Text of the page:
- Every fall gala now matches up a choreographer with a fashion designer, and some of these commissions fade from memory pretty soon. But Benjamin Millepied's Neverwhere (2013) stood out as being daringly strange and super contemporary in its sculptural look. Dutch designer Iris van Herpen concocted layers of shiny black flakes that crackled when the dancers moved. Plus, she invented plastic pointe-shoe boots that made Sterling Hyltin's legs look like tentacles.
- Jorma Elo's Slice to Sharp—last seen in 2009—received an immediate standing ovation at its premiere in 2006. The dancers blazed through super complex moves punctuated with a voguing kind of flair. With its high-wattage density and speed, it's kinetically exhilarating in a way that no other NYCB choreography is.
- The oldest of all these ballets is the slinky Herman Schmerman (Pas de Deux) by William Forsythe (1992). A prototype of gender-bending for our age, it's been out of the rep for three years. I will be curious to see who can carry off the studied cool, the subtle irony and the highly stylized choreography that Wendy Whelan and Albert Evans brought to life.
Here are a couple of ballets we haven't had to wait long for, but I will be happy to see anyway:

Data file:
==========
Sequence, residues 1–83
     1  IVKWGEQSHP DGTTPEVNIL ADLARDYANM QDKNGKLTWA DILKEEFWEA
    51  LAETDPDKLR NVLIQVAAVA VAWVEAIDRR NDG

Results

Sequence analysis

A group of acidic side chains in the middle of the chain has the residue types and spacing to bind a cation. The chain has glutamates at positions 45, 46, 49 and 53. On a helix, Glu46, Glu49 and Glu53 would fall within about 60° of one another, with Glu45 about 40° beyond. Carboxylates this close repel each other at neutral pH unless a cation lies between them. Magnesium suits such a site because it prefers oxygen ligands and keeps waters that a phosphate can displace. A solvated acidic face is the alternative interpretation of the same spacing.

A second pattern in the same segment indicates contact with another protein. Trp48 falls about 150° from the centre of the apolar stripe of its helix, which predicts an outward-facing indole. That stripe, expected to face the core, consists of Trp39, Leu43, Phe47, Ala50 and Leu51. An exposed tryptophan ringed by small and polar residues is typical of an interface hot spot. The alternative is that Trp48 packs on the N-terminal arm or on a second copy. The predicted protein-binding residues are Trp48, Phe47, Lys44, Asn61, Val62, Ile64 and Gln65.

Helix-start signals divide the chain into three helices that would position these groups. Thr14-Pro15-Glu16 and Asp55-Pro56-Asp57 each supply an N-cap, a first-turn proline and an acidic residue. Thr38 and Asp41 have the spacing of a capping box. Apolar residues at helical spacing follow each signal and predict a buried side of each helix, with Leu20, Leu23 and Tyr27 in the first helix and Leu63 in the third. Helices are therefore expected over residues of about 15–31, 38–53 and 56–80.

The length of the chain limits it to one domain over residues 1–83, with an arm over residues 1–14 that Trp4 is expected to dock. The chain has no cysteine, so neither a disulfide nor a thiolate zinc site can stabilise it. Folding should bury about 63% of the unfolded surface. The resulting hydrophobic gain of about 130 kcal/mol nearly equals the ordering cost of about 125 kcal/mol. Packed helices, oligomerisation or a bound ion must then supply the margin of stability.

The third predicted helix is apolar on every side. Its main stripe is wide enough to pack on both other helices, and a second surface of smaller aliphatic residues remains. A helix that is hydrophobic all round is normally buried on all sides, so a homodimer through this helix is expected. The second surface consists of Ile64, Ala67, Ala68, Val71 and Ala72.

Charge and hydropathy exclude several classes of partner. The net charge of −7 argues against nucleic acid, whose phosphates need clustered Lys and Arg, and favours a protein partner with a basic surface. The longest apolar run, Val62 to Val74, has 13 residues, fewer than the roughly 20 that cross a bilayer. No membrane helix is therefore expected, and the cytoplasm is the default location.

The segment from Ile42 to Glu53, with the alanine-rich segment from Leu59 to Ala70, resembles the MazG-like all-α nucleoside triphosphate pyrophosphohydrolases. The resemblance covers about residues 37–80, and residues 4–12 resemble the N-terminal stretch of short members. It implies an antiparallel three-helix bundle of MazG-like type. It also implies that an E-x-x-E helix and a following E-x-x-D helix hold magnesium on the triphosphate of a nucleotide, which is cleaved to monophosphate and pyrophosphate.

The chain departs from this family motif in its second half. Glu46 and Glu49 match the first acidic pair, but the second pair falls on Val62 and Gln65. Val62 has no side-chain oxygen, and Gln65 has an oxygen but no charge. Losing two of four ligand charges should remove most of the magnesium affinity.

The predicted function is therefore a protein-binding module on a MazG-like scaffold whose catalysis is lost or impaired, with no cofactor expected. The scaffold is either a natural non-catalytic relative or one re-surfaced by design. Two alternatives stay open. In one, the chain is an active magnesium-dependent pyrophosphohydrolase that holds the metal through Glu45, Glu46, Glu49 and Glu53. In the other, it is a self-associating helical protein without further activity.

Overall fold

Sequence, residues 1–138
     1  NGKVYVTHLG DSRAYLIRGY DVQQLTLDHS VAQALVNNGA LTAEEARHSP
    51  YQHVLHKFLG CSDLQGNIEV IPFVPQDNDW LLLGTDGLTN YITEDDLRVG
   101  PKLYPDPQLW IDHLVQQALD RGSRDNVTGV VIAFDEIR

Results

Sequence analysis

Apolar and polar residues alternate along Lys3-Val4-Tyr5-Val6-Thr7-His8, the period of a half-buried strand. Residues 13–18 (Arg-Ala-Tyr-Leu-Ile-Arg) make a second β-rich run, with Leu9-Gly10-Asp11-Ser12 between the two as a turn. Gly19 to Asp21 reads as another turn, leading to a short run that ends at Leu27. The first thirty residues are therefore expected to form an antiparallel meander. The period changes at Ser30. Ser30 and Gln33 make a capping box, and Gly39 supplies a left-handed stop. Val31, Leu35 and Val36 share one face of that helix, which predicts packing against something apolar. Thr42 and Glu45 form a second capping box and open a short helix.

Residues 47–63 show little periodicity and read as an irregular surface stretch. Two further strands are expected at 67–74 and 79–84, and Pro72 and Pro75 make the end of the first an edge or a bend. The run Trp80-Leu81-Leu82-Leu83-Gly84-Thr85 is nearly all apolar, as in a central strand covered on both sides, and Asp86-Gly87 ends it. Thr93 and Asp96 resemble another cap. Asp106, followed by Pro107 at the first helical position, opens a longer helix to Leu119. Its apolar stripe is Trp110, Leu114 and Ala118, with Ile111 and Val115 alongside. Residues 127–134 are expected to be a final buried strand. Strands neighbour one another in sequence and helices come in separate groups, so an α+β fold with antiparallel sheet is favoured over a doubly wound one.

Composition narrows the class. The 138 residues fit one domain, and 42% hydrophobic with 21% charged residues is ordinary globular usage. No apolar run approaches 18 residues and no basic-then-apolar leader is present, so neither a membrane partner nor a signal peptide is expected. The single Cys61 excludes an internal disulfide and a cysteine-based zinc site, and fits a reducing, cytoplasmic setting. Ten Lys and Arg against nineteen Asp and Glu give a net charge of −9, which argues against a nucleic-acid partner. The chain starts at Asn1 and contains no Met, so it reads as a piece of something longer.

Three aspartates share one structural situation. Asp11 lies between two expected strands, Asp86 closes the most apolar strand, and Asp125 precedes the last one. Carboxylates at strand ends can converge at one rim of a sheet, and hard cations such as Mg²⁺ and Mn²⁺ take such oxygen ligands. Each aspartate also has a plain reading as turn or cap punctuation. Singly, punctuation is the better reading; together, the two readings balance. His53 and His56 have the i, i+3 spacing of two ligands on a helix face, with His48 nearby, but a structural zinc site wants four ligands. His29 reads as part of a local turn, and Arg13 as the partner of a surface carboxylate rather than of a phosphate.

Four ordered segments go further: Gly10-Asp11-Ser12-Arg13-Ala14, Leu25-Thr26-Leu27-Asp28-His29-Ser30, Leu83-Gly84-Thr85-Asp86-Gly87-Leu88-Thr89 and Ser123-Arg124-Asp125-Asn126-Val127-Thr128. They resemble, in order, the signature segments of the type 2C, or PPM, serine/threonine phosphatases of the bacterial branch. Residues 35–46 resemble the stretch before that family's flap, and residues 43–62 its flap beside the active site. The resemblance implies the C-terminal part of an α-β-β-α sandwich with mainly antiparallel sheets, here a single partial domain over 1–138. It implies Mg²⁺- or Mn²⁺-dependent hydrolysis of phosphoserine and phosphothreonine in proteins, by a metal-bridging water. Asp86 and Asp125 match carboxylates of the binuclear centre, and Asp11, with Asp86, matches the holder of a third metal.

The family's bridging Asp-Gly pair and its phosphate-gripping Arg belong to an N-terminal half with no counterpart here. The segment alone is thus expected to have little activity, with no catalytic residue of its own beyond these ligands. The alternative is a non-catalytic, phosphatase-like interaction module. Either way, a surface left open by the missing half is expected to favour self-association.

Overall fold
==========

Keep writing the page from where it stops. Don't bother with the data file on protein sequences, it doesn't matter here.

- Pictures at an Exhibition (2014), Ratmansky's piece to Mussorgsky's famous music, did not have an overarching narrative, but each scene was evocative: the gnome, the old castle, the ballet of “unhatched chicks." It challenged dancers like Sara Mearns and Amar Ramasar to go beyond their emotional comfort zones. With a shifting backdrop of Kandinsky's Color Study: Squares with Concentric Circles, it showed how an abstract dance can be dramatically stirring.
Daniel Ulbricht, airborne, in Rodeo, photo © Paul Kolnik
- Justin Peck's Rodeo: Four Dance Episodes (2015) was deemed a hit right away. Part of the awe is that he took a super familiar piece of music, Aaron Copland's Rodeo, which was made for Agnes de Mille's landmark ballet of the same title, and completely re-envisioned it. Peck's version of Rodeo has energy, humor, masterful form and Daniel Ulbricht dashing across the stage to wake us up.